Wednesday, November 7, 2012
Fête du Bordeaux of Calvert and Woodley in Washington DC, 2012, USA
US Wine Retailer of the Year 2012, Ed Sands and his son Michael Sands put on again a fantastic evening with an amazing selection of ultra-premium Bordeaux wines and the food of Blue Duck Tavern Chef Sebastian Archambault at the Fete du Bordeaux Dinner.
For more on Ed Sands: Calvert and Woodley’s Ed Sands 2012 Wine Retailer of the Year in the USA
As usual, the Fête du Bordeaux of Calvert and Woodley took place at the Park Hyatt in Washington DC - this year with Anthony Barton, Jean-Charles and Cazes Hervé Berland as special guests.
This posting provides an overview of the evening. More specific postings on the three special guests and the wines they brought will follow.
Anthony Barton (Owner)
The Barton family, the current owners of Château Léoville-Barton and Château Langoa Barton, are able to trace their Bordeaux roots all the way back to 1722. That was the year that Thomas Barton left Ireland for Bordeaux. Like many successful owners, Barton started out as a Bordeaux negociant.
The first foray into ownership for the Barton family was in St. Estephe, with Chateau Le Boscq in 1745, which was awarded Cru Bourgeois status in 1932. In 1995, the Barton family sold it to Dourthe.
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Also in 1745, the Barton family partnered with another powerful Bordeaux family to form a Bordeaux wine negociant company, Barton and Guestier. It was controlled by the Barton family until the Seagram Group got control in 1986. Today, Barton and Guestier is part of the international wine and spirit company Diageo.
The next major purchase for the Barton family took place in 1821. That was the year they bought Chateau Langoa Barton. Following the purchase of Langoa Barton, they bought a second St. Julien estate: Culled from the vineyards of Château Leoville Las Cases, that estate became Chateau Leoville Barton, a deuxième cru en 1855. Interestingly, because no wine making facilities came with the purchase, they were forced to make the wines at Château Langoa Barton. Until today, production of both wines takes place at Langoa Barton.
When Ronald Barton, who had inherited the family’s property from his father, who was tragically killed in a hunting accident in the 1920's, died without an heir in 1986, his nephew Anthony took control of the family properties. Anthony had already moved from Ireland - where the family maintains a home - to Bordeaux in 1951.
Château Léoville-Barton is a Deuxième Cru en 1855 in the Saint-Julien appellation.
There are now 47 hectares of vineyards at Château Léoville-Barton, planted with 72% Cabernet Sauvignon, 20% Merlot and 8% Cabernet Franc. Vinification is performed in the cellar at Langoa-Barton, as there is in fact no château at Léoville-Barton.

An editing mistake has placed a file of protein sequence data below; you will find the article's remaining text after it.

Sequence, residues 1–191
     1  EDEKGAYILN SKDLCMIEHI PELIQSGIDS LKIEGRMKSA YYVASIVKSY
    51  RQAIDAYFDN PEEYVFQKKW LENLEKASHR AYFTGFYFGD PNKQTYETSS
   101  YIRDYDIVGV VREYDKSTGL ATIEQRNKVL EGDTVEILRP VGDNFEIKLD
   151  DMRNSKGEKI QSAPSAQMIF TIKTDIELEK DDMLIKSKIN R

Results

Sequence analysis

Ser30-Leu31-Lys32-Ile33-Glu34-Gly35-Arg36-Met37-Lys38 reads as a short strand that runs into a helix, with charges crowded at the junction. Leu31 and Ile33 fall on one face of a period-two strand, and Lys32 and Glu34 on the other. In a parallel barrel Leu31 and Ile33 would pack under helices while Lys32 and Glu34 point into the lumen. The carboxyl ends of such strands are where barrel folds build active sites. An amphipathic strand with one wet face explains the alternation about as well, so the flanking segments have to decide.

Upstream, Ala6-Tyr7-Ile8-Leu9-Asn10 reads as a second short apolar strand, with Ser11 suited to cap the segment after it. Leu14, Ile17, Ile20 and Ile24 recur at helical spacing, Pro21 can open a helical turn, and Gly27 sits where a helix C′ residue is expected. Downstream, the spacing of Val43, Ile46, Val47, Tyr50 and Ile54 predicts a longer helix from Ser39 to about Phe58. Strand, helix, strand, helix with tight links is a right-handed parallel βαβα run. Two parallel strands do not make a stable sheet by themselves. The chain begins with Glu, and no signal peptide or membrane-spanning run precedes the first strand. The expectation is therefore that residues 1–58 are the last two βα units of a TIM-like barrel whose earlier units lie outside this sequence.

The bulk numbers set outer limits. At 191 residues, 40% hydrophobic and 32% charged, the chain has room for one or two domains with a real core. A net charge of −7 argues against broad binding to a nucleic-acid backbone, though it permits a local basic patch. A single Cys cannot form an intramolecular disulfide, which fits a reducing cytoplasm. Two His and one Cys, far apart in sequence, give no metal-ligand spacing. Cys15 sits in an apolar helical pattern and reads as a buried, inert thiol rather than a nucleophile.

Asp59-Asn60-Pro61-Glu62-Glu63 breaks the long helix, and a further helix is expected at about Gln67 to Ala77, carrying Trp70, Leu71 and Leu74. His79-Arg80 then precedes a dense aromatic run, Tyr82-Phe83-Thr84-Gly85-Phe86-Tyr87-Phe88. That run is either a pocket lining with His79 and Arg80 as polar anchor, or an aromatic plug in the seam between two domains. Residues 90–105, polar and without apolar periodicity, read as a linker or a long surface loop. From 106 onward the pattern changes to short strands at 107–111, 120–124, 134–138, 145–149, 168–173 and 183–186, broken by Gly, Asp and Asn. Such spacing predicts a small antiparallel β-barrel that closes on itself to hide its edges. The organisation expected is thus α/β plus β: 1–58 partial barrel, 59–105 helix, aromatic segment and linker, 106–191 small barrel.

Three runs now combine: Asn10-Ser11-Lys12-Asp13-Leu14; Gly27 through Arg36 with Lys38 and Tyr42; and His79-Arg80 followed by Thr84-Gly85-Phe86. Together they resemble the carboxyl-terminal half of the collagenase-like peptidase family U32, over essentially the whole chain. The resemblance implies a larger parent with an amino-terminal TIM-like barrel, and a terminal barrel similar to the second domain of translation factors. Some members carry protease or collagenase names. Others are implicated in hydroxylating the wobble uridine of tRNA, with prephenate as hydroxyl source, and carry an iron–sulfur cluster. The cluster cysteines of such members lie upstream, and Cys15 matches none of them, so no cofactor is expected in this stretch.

The grand vin is Château Léoville-Barton, the second wine is La Reserve de Léoville-Barton. Total production is 20.000 cases.
Château Langoa-Barton is a Troisième Cru en 1855 in the Saint-Julien appellation.
Located along the banks of the Gironde river, Langoa-Barton has 15 hectares under vine: 70% Cabernet Sauvignon, 20% Merlot, 8% Cabernet Franc, and 2% Petit Verdot.
About 7,000 cases of Château Langoa-Barton are produced.
Château Mauvesin in Moulis (new, not on the tasting list)
In September, 2011, the Barton family purchased an additional Bordeaux estate, Château Mauvesin in Moulis.
Les Vins Fins Anthony Barton ( not on the tasting list)
A négociant company now run by Lillian Barton-Sartorius, Anthony’s daughter.
Anthony Barton was born and grew up in Ireland. After he got his educated in England, he headed to Uncle Ronald in Bordeaux in 1951. There, he started off in his family’s merchant firm of Barton and Guestier and met his future wife Eva, with whom he has 2 children. Athony and Eva Barton live at Chateau Langoa-Barton.
Anthony Barton has already transferred ownership to his daughter Lillian, who is married to Michel Sartorius.
I had bit of a chance to talk to Anthony Barton at the event. In his finely tailored suit, he came across as the prototype of an English gentleman.
Jean-Charles Cazes (Owner)
Jean-Charles Cazes, the grandfather of the Jean-Charles I met, purchased Château Lynch Bages and Château Ormes de Pez in St. Estèphe on the eve of the Second World War. Lynch Bages and Ormes de Pez have been run by the Cazes family ever since.
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Until Jean-Charles Cazes took over in 2006, his father, Jean Michel Cazes, was at the helm of the family empire. He was a very influential personality in Bordeaux. Before returning to Pauillac in 1973 to take over the family's insurance and wine interests, Jean-Charles was for 10 years a manager, based in Paris.
In addition to the Cazes family wine interests, from 1987 to 2000, Jean-Michel Cazes developed AXA Millésimes, the wine properties department of the insurance company AXA. French insurance companies are required to invest in French property. Their assets in Bordeaux include Château Pichon Longueville Baron, Château Suduiraut, Cantenac Brown (recently sold) and Chateau Petit Village Abroad they own Quinta do Noval, a Port producer in the Douro Valley in Portugal, and the Tokay producing Disznókő estate in Hungary.
In 2003 Jean-Michel Cazes was chosen the "Man of the Year" by the wine magazine Decanter.
In 2006, after 33 years in charge of the Cazes family interests, he stepped down, handing over management of the family interests to his son Jean-Charles Cazes. Born in 1974, Jean Charles grew up at Lynch Bages, the last of four children, and the only son.
Jean-Charles Cazes assumed overall responsibility for management of the renowned Cazes family estates and winemaking operations, extending from Bordeaux to southern France and including joint ventures in Portugal and Australia, including the Bordeaux chateaux of Lynch-Bages, Ormes de Pez and Villa Bel-Air; the Michel Lynch brand of Bordeaux varietals; L'Ostal Cazes and the Circus line of wines from the Languedoc; a distribution company, JM Cazes-Selection; Xisto, a joint venture with the Roquette family in Portugal's Douro Valley; and Tapanappa, a joint venture in South Australia undertaken with the Bollinger family of Champagne fame and pioneering Australian winemaker, Brian Croser.
Jean-Michel Cazes continues to lead the wine and tourism division of the family’s activities, notably Château Cordeillan-Bages in Pauillac converted into a hotel and a restaurant of two Michelin stars.
Sylvie Cazes, Jean-Michel Cazes’ sister, is now President of the family group’s Board of Directors, Managing Director of Chateau Pichon Lalande and President of the Union des Grand Cru Classes de Bordeaux (UGCB) in charge of public relations.